During this period of increasing current flow through the transistor and winding 38, capacitor 56 is charged by the induced voltage in winding 46. Secondary winding 46 has a considerably greater number of turns than primary winding 38, so that the voltage induced therein when transistor 30 approaches saturation is considerably greater than the supply voltage across terminals 18 and 20. When saturation of transistor 30 occurs and current flow through primary winding 38 ceases to increase, the induced voltage in winding 46 drops to zero and its field collapses. As a result, capacitor 56 now discharges and a voltage of opposite polarity appears across winding 46.
The collapse of the field around winding 46 and discharge of capacitor 56 reverse biases transistor 30 and abruptly cuts it off at maximum output. The cutoff transistor 30 at saturation causes the field around winding 38 to collapse and by mutual induction causes a high voltage pulse to appear across winding 46 of the same polarity as the pulse induced therein upon collapse of its own field.
The mutually induced high voltage pulse in winding 46 now charges capacitor 50 and charges capacitor 56 in an opposite direction through a diode 101. This high voltage winding 46 is also simultaneously discharging through diode 52 to apaply an increment of charge on the storage capacitor 54. As this high voltage pulse discharges into capacitor 54, small capacitor 50 and capacitor 56 now discharge in a direction to again forward bias the base-emitter circuit to start another cycle. The diode 101 also functions to protect the transistor against reverse high voltage at the time the field around windidng 38 collapses.
The frequency at which the circuit oscillates is not critical except to the extent that it is desirable to stabilize the frequency at some point well below the frequencies assigned to commercial broadcasting channels. This is accomplished by predetermination of the R-C time constant of coupling capacitor 56 and resistor 58 and by small capacitor 50.
When the storage capacitor 54 attains a predetermined charge, the capacitor 72 will become sufficiently charged through the relatively high resistor 70 to permit the application of a break-down voltage across neon bulb 74 through resistor 70. When neon bulb 74 fires and conducts, the SCR 68 is fired and the storage capacitor discharges through primary winding 66 of igniter transformer 64. This induces a high voltage pulse in secondary winding 78, causing a spark to occur across the spark gap. The igniter transformer 64 is a voltage step-up transformer, the secondary winding having many more turns than the primary.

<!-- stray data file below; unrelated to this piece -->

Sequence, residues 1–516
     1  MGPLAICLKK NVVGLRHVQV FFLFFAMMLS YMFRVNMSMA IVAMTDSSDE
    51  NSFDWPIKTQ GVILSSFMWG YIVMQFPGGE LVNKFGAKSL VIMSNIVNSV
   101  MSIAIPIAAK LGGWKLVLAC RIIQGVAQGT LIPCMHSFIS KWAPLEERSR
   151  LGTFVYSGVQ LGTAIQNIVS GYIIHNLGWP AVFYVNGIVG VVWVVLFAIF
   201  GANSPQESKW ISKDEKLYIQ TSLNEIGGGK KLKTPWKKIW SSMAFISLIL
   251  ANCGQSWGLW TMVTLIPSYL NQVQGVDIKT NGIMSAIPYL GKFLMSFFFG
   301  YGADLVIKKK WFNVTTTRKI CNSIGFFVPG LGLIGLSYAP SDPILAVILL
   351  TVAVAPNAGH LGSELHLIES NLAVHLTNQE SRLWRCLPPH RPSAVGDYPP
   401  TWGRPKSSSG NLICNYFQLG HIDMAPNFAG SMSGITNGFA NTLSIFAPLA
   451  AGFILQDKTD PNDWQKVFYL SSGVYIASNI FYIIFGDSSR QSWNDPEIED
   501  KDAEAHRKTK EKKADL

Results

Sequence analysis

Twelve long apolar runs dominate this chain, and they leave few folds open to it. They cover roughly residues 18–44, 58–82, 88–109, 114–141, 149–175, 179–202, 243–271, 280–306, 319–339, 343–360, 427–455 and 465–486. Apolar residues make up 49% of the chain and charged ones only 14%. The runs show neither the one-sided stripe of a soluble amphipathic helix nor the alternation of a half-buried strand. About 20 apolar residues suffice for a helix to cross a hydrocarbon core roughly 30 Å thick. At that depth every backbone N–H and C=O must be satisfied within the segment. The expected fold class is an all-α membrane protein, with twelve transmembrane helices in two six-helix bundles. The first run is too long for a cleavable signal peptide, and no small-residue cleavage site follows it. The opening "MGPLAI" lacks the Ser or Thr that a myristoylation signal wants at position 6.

Upon discharge of storage capacitor 54, neon bulb 74 again becomes non-conductive, and the swing of the storage capacitor 54 following its discharge cuts off conduction through the SCR 68. The time constants of capacitor 72 and resistor 70, as related to the charge developed on storage capacitor 54, are such that the frequency of the storage capacitor discharge and, therefore, the occurrence of spark is in the order of two cycles per second.
It has been found that a strong spark occurring at relatively low frequency functions more reliably to ignite gas than a high frequency or continuous sparking. When gas is ignited at the burner 84, flame bridges the spark gap between electrode 82 and burner 84, thereby considerably reducing the gap impedance to the extent that lead-off from point 80 in the SCR gating circuit through secondary winding 78 and across the spark gap to ground is sufficient to preclude the charging of capacitor 72 through resistor 70 to the break-down voltage of neon bulb 74. Sparking across the gap will therefore cease when flame is present. If, however, the flame is extinguished while thermostat 34 is closed, sparking will be immediately resumed.
When gating of the SCR 68 is shunted by conduction through burner flame, the circuit will continue to oscillate at a somewhat higher amplitude, but with less power consumption. Under these conditions, as the accumulated charge on the storage capacitors 54 approaches the voltage of the charging pulses, the inductive and capacitive reactance will increase. Some of the charge applied to capacitor 54 will, however, under these conditions, leak off through resistor 70, igniter transformer secondary 78, and across the spark gap through the flame to ground.
An igniter circuit constructed in accordance with the foregoing description, and comprising the following component values, oscillated at approximately 250 kilocycles when operated on a 12-volt storage battery and provided adequate sparking at approximately two cycles per second to reliably ignite a gas burner:
Transistor 30 Type 2N3642 Resistor 42 56 kilohms Capacitor 56 .0047 microfarad Resistor 58 1.8 kilohms Resistor 48 220 kilohms Capacitor 50 220 picofarad Capacitor 54 1 microfarad Resistor 70 22 megohms Capacitor 72 .022 microfarad Diode 101 Type IN 4004 Diode 62 Type IN 4004 Neon Bulb 74 Signalite A-322 SCR 68 G. E. Type C106B2 Winding 38 .132 millihenrys Winding 46 2.93 millihenrys
It is to be understood that the circuit described will operate on direct current or rectified alternating current supply of considerably higher voltage than 24 volts with suitable changes in the values of circuit components. Also, the circuit described, having the above-listed component, values, has been successfully operated on both 12-volt direct current and 24-volt rectified and filtered alternating current supply.
Other modifications within the spirit of the invention will occur to those skilled in the art, such as substitution of a PNP transistor for the NPN transistor described.
The foregoing description and drawing is intended to be illustrative, and not limiting, the scope of the invention being defined in the appended claims.